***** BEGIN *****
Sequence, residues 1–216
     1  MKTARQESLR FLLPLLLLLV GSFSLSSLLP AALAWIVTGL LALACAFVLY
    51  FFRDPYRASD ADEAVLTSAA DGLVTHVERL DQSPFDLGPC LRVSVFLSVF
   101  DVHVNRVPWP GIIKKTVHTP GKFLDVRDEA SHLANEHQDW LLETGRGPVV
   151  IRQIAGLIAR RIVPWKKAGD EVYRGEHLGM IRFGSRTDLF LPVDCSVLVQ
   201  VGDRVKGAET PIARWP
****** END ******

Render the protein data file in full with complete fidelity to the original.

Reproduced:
Sequence, residues 1–216
     1  MKTARQESLR FLLPLLLLLV GSFSLSSLLP AALAWIVTGL LALACAFVLY
    51  FFRDPYRASD ADEAVLTSAA DGLVTHVERL DQSPFDLGPC LRVSVFLSVF
   101  DVHVNRVPWP GIIKKTVHTP GKFLDVRDEA SHLANEHQDW LLETGRGPVV
   151  IRQIAGLIAR RIVPWKKAGD EVYRGEHLGM IRFGSRTDLF LPVDCSVLVQ
   201  VGDRVKGAET PIARWP